How to Pay off Credit Card Debt

Keep up with credit card bills using these tried-and-true strategies.

Midsection Of Woman Analyzing Financial Bills
(Image credit: Getty Images)

If you are struggling to pay off your credit card bill, you are not alone. Credit card debt hit a record $1 Trillion in August. And inflation paired with higher interest rates may further complicate your efforts to avoid credit card debt.  

After years of pandemic-related restrictions, it's easy to understand the urge to spend more on experiences and make up for lost time. Some of us pay our credit cards in full every month and never carry a balance. However, that’s not the case for everyone, especially millennials and older adults. If you’re carrying credit card debt, consider these strategies to eliminate or reduce what you owe — before it’s too late.

Know your credit score

To pay off credit card debt, start with your credit score to assess your options. Checking your credit score will not damage your credit

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There are more ways to check your credit score for free than ever before. In addition, your bank or credit card company may give you a monthly credit score (called FICO or Vantage) free from one of the three credit bureaus (Experian, Transunion and Equifax.

If lenders consider you a good credit risk, you will have more options than if you have bad credit. Be sure to understand what makes up a good credit score; lenders generally consider FICO scores under 580 as “bad” and under 670 as “fair.”

A credit score is different from a credit report, which gives a general overview of your accounts, whether they are in good standing and your personal information. 

Take stock of your debt

If you have balances on multiple credit cards, make a list that shows how much you owe on each, its interest rate, and the minimum monthly payment for each. A spreadsheet provides a handy way to update your progress, but pen and paper work just as well.

Balance transfer cards for good credit scores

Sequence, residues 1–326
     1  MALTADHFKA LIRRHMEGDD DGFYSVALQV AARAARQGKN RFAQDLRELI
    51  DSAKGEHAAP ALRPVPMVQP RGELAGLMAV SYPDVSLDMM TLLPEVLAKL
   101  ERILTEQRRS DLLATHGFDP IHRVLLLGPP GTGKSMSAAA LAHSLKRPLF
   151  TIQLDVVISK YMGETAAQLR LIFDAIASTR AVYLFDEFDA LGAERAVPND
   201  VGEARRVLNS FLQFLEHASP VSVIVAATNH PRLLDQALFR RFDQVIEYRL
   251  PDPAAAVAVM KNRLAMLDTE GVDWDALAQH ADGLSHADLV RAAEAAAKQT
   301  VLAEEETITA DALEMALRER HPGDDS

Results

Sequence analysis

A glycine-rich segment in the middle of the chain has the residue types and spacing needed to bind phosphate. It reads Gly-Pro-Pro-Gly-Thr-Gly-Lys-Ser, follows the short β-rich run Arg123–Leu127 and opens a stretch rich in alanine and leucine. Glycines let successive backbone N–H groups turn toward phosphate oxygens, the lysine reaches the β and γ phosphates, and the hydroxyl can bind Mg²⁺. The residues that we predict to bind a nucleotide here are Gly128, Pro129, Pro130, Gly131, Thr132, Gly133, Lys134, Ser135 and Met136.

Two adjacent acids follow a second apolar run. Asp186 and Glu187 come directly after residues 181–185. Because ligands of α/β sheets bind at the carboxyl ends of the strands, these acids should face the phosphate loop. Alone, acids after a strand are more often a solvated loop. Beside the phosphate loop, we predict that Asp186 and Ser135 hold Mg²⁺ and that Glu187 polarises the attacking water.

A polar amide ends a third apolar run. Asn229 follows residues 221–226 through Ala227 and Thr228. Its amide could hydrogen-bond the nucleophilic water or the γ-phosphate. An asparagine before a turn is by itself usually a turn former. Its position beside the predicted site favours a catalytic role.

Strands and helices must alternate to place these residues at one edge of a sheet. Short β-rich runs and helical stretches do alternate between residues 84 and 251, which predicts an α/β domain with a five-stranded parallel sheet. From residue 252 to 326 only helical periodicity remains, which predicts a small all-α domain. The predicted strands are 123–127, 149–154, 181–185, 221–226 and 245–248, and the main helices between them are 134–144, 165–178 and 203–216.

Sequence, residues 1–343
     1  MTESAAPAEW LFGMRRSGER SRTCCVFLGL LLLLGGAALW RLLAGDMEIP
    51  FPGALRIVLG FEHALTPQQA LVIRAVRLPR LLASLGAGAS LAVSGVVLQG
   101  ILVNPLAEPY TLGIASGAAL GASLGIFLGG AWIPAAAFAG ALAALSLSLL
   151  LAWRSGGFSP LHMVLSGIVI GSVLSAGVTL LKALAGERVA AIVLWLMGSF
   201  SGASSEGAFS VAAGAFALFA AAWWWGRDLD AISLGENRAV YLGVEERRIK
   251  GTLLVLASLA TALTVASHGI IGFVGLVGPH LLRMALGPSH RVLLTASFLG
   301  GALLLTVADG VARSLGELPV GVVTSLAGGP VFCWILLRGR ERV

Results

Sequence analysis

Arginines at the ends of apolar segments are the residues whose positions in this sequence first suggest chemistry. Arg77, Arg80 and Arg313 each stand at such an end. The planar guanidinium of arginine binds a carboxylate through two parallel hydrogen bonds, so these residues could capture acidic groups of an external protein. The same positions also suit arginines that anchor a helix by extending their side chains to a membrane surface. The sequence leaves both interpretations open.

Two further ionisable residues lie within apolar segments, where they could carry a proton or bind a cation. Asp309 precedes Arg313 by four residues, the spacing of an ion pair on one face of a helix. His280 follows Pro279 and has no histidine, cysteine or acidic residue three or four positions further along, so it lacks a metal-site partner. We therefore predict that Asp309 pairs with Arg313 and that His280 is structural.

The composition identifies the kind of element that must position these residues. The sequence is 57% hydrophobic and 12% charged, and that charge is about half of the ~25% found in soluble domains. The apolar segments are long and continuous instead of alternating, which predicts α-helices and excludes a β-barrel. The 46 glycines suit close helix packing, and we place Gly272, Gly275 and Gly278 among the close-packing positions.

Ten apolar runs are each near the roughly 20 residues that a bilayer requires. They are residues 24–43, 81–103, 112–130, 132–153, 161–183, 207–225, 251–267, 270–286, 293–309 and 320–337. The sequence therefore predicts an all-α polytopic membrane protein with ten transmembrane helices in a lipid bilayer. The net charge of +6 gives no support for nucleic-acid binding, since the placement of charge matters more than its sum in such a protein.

If you have a good credit score, a balance transfer could help you get out from under your debt. Many banks offer balance-transfer cards for new customers. These cards often come with an introductory 0% annual percentage rate (APR) for a limited time — anywhere from 12 to 21 months, depending on the card.

There are three pitfalls to avoid when using balance-transfer cards.

First, be sure to pay off the balance before the introductory rate expires to avoid sliding again into debt. And resist the temptation to use the balance-transfer card to make new purchases, says Beverly Harzog, credit expert and author of Confessions of a Credit Junkie. You want to use the card to get out of debt, not add to it, she says.

Second, pay attention to the balance transfer fee, usually between 3% - 5%. If you are transferring $10,000, you might pay up to $500 in fees.  

Finally, if you cancel your old card and your new balance-transfer card has a lower credit limit, it could affect your credit utilization ratio. This ratio measures how much of your allowed credit you are using on a given card. Racking up too much credit relative to your credit limit could lower your credit score, says Gerri Detweiler, author of The Ultimate Credit Handbook.

Options for poor or bad credit

Suppose your credit score isn’t high enough to meet the criteria for a 0% introductory rate on a balance transfer card. In that case, you may still qualify for a card with an introductory APR that's lower than your current card’s rate, Harzog says. Another option is a debt-consolidation loan from a bank or credit union with a rate lower than the rate you’re paying on your high-interest credit cards.

Strategies to pay off credit card debt

When you have balances on multiple credit cards, there are three approaches you can use to tackle the debt. The first is the avalanche approach. Begin with your cards with the highest interest rates and balances. Make the minimum payments on the lower-interest cards while devoting most of your available funds to paying down high-interest balances.

While the avalanche approach makes the most sense from a mathematical point of view, some people choose the snowball approach, paying off the low-balance debts first. Paying off your low-balance cards may motivate you to pay off all of your debts, even if it costs you more in interest.

Finally, there’s the blizzard approach, in which you start with the snowball and move to the avalanche. Start by paying off one low-balance card so you have one success under your belt, then move on to those with higher rates.

Paying off your balances will make it difficult to save. But try to put aside enough in an emergency fund to cover three months’ worth of expenses. When you’ve paid off your debts, you can ramp up your savings so you’ll be prepared for unexpected expenses, which will reduce the risk of falling back into debt.

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Emma Patch
Staff Writer, Kiplinger's Personal Finance

Emma Patch joined Kiplinger in 2020. She previously interned for Kiplinger's Retirement Report and before that, for a boutique investment firm in New York City. She served as editor-at-large and features editor for Middlebury College's student newspaper, The Campus. She specializes in travel, student debt and a number of other personal finance topics. Born in London, Emma grew up in Connecticut and now lives in Washington, D.C.